Get ready to meet another 3D Jedi master! “What is a 3D Jedi?” I consider 3D Jedi to be those rare educators who lead the way in student-created 3D content. (Here is a link to some of my past Future-Talk 3D postings about 3D Jedi in the U.S.: The 3D Jedi and the Return of the 3D Jedi .)
In last week’s post, we identified the great work underway in the Virtual Reality Educational Pathfinders program or VREP. The program’s success with students appears pronounced. According to Terry Collins, board president of the East Marshall Community Schools, "people really don't know what we have what we been able to do for students outside the typical educational realm.” He clarifies: "It [VREP] brings out introverted students. It's done great things for our students."
|Rex Kozak, a 3D Jedi|
Rex Kozak, principal of East Marshall High School and director of the overall VREP initiative suggests that the program has really nurtured student confidence, providing students with practical relevance for learning. He explains it this way: “Kids say ‘now I know why I'm taking this course.’" According to Kozak, "VREP knows no social or economic barriers." He tells the story of a struggling high school student with a 1.0 grade point average going on to community college and finding true academic success as a result of his participation in the very successful VREP program.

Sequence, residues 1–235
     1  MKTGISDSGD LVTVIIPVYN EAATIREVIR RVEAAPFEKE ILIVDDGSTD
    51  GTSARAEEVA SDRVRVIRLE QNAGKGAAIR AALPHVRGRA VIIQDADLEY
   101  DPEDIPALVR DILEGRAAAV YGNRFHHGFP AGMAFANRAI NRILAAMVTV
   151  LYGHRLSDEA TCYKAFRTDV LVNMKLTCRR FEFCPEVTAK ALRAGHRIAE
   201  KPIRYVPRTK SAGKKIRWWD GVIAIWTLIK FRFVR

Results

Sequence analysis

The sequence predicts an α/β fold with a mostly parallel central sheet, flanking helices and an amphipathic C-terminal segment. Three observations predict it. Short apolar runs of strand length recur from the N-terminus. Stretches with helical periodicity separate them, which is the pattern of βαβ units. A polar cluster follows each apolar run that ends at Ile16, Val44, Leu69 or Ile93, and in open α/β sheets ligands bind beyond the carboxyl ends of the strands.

The program appears to possess a broad reach. At East Marshall High School, where the program originated, more than 200 students a year are typically engaged in 3D design experiences. And if you count the students that they reach through classroom follow-up projects, plus others joining the program across Iowa and the nation, VREP has easily touched more than 5000+ students to date.
Program Funding and Support
Interestingly, this project is funded and supported through local business partnerships. And it’s not the typical drive-by partnership we see so often in education. "This is true partnership," explains Kozak. "In my 30 years of education, this is the truest merger of education and industry to really promote the education of students that I have ever seen.” Elementary teacher Owen Credits his superintendent for securing donations and small grants to make his project happen. He adds: “John Deere has also donated technical expertise, along with a CAVE that VREP can access.”
Of course, the VREP project is in continuing need of support from interested business partners, both local and national. Some of their needs include financial and equipment support, as well as connections to the industry to show how 3D is used in the real world. If you are interested in providing support or collaboration efforts, feel free to contact the VREP director, Rex Kozak.